To explain it a little further, it occurs when the cells lining the uterus (endometrium) inside grow outside of the uterus. It is most commonly on the ovaries, fallopian tubes, and space around the bladder and rectum. Endometriosis can cause severe pain and increase your risk factors for health problems like infertility. 

What Are the Causes of Endometriosis?

a doctor making notes

Researchers and healthcare professionals are still trying to figure out the exact causes of endometriosis. They know it affects the immune cells, red blood cells, and endometrial cells, so there is some evidence and research on how it affects women’s health. But research on what really causes endometriosis is still ongoing.

Some researchers believe the cause of endometriosis, which affects menstrual periods, has something to do with menstrual flow. In particular, retrograde menstruation. Retrograde, or reverse menstruation, occurs when (as the name suggests) your flow moves in the wrong direction. It flows through your fallopian tubes into areas of your body like the pelvic cavity. Most women experience this at some point, but increased instances of retrograde menstruation may increase your risk of endometriosis.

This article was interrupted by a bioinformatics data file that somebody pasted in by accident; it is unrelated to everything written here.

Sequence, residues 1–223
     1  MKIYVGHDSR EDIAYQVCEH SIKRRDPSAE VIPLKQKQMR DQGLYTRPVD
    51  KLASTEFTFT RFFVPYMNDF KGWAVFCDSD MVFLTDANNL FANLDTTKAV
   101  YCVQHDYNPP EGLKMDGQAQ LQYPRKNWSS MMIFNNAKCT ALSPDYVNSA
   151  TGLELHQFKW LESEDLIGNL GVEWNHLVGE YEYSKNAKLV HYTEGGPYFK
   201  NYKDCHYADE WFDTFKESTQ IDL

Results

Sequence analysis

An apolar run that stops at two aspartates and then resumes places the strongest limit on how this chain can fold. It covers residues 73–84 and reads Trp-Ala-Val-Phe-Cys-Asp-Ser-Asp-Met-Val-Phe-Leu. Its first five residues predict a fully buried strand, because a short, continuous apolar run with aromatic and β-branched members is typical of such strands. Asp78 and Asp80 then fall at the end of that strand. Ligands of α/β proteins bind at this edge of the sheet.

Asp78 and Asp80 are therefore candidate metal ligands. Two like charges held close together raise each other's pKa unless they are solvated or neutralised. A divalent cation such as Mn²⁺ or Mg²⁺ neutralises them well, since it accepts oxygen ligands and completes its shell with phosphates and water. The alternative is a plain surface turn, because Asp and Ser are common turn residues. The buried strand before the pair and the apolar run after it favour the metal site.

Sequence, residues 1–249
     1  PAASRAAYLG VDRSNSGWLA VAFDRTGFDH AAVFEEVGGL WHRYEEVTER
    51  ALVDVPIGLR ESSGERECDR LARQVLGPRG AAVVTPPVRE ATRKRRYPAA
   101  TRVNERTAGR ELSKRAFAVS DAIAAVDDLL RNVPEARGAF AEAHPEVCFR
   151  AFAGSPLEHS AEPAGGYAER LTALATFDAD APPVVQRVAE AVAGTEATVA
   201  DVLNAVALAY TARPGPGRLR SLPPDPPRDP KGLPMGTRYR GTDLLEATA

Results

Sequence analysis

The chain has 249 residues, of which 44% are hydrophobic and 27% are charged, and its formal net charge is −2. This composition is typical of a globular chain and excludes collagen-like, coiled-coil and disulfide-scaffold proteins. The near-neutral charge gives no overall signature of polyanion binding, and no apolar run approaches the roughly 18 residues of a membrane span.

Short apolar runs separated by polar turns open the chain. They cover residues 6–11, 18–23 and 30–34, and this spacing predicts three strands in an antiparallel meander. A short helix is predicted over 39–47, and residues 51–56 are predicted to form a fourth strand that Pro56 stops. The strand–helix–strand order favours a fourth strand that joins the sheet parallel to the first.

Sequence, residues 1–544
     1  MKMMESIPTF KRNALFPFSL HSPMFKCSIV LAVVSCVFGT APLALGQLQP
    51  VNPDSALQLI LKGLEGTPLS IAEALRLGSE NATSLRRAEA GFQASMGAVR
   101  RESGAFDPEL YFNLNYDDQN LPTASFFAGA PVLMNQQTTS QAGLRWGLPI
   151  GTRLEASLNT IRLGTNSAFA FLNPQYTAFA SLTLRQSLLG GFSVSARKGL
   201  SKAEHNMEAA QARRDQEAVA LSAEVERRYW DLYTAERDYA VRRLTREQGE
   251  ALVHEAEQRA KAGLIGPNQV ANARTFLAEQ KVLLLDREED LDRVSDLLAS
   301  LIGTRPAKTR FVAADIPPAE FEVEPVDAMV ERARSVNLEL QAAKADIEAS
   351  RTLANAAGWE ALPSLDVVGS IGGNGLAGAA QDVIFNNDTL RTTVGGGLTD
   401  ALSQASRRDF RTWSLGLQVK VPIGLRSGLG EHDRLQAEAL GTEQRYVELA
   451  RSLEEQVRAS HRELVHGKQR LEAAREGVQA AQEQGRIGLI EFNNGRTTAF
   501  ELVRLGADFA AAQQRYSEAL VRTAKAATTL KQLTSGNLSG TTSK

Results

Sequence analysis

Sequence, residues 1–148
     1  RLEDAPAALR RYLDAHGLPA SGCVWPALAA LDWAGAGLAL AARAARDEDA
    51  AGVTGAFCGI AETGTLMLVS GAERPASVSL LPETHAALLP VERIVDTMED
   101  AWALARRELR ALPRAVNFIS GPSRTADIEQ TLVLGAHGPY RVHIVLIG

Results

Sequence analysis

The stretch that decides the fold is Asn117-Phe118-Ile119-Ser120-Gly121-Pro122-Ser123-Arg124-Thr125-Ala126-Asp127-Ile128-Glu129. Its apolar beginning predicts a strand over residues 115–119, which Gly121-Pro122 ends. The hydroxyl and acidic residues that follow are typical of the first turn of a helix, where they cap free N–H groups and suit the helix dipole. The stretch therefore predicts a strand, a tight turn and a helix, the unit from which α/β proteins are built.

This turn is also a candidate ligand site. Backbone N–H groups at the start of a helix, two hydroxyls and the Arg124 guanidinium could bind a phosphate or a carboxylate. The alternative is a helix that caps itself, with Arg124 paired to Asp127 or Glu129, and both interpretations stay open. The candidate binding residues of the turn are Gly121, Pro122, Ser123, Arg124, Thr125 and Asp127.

Other risk factors for the condition include your genes and altered immune function. For example, if your immune system is working well, it may be more capable of destroying endometrial tissue adhesions outside the uterus.

Your hormones can also play a role here. There’s some research on whether diseases like endometrial cancer have a link to hormones like estrogen. Some surgeries like cesarean births and hysterectomies can cause scar tissue issues. In these instances, it can affect endometrial tissue and increase your risk of endometriosis.

What Are Some Common Symptoms of Endometriosis?

a person having a stomach-ache

Endometriosis affects an estimated one in 10 women of reproductive age. Although there are treatment options and ways to manage your symptoms, it’s a lifelong condition that requires daily self-care and monitoring. Knowing some of the most common symptoms of endometriosis is an excellent first step to understanding the condition.

Common Symptoms of Endometriosis